Advocacy group anecdotes present one-sided picture of genetic testing for breast cancer

“Advocacy group anecdotes present one-sided picture of genetic testing for breast cancer,” Mary Chris Jaklevic, Health News Review.

Genetic testing for breast and ovarian cancer risk is cheaper and easier than ever. But just because a test is available doesn’t mean everyone should get it. That message didn’t come through in a recent series of . . . → Read More: Advocacy group anecdotes present one-sided picture of genetic testing for breast cancer

Breast cancer patients share DNA data

“Breast cancer patients share DNA data,” The Boston Globe, Oct. 28, 2015.

Accessing an untapped data source — the DNA of metastatic patients.

The Metastatic Breast Cancer Project — a collaboration of the Broad, the Dana-Farber Cancer Institute, and Harvard Medical School, launched this month, asks individuals who have been diagnosed with metastatic breast . . . → Read More: Breast cancer patients share DNA data

Surge in competition in genetic risk screening warrants caution

A recent article in The New York Times “New Genetic Tests for Breast Cancer Hold Promise” describes new and cheaper tests for BRCA1 and 2 gene mutations that carry added risk for breast and ovarian cancers. Medical guidelines generally limit testing of the so-called “breast cancer genes” to the small percentage of people who already . . . → Read More: Surge in competition in genetic risk screening warrants caution

Book Review: Waiting for Cancer to Come

Waiting for Cancer to Come weaves together women’s beliefs and experiences of genetic testing and its impact on their lives, families, and futures. Their detailed accounts of how they prepared for testing, made sense of the results, and made decisions about what to do with the information and cope with the aftermath are a window . . . → Read More: Book Review: Waiting for Cancer to Come

Cancer Researchers Find “The Angelina Jolie Effect”

“Cancer Researchers Find “The Angelina Jolie Effect” By Kyle Hill, Nerdist.

When Angelina Jolie learned about her own genetic predisposition to breast cancer – and made her diagnosis and treatment very public – she unknowingly urged thousands of women to follow her lead. The announcement of her surgery was maybe more galvanizing than any recent . . . → Read More: Cancer Researchers Find “The Angelina Jolie Effect”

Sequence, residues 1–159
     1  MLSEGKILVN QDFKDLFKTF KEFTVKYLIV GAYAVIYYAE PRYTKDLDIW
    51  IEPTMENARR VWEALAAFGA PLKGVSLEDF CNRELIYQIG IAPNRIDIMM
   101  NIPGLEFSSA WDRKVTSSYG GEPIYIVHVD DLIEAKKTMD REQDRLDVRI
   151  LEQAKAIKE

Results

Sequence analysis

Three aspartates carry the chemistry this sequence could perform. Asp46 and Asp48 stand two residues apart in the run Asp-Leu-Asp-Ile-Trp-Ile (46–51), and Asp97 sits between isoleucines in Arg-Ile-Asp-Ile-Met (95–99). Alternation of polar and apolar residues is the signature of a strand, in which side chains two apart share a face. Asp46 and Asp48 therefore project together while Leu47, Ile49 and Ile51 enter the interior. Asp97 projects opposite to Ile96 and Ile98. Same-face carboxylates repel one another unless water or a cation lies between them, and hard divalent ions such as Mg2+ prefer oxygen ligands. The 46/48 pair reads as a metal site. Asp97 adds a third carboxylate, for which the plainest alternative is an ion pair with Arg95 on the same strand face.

Cancer connected to glucose and microenvironments?

“Cancer connected to glucose and microenvironments?” By Kathleen Hoffman, Medivizor.

Why does nature repeat the same forms over and over again? This is a question that has driven Dr. Mina Bissell‘s cancer research.

In a 2012 TED talk, Dr. Bissell spent 17 minutes summarizing decades of research–asking and answering unique questions that are toppling . . . → Read More: Cancer connected to glucose and microenvironments?

Finding Risks, Not Answers, in Gene Tests

“Finding Risks, Not Answers, in Gene Tests,” By Denise Grady and Andrew Pollack. The New York Times.

Within the next year, at least 100,000 people in the U.S. are expected to have genetic tests. Building on the success of using genetic tests to uncover inherited risks of breast, ovarian and colon . . . → Read More: Finding Risks, Not Answers, in Gene Tests

Face Your Risk of Hereditary Breast and Ovarian Cancer Empowered

I wish someone had told me about genetic mutations and cancer risk in 2003 when, in my mid-30s, I was first diagnosed with breast cancer. Even though women diagnosed with breast cancer at younger ages are more likely to have a genetic mutation, after combing through every scrap of paper I collected during that time, . . . → Read More: Face Your Risk of Hereditary Breast and Ovarian Cancer Empowered

New Understanding of Cancer and Which Cells are Important

“New Understanding of Cancer and Which Cells are Important.” By Susan Love, Act with Love Blog.

Two new studies are causing researchers to rethink their assumptions about cancer and metastases, turning some previous theories on their heads. Dr. Susan Love explains the science and its implications.

In her blog, Dr. Susan Love first points out . . . → Read More: New Understanding of Cancer and Which Cells are Important

Cancer and the Secrets of Your Genes

“Cancer and the Secrets of Your Genes.” By Theodora Ross, The New York Times.

An oncologist looks at the evidence for genetic testing in certain circumstances. This takes the conversation a step further.

On Aug. 6, researchers announced in The New England Journal of Medicine that they . . . → Read More: Cancer and the Secrets of Your Genes

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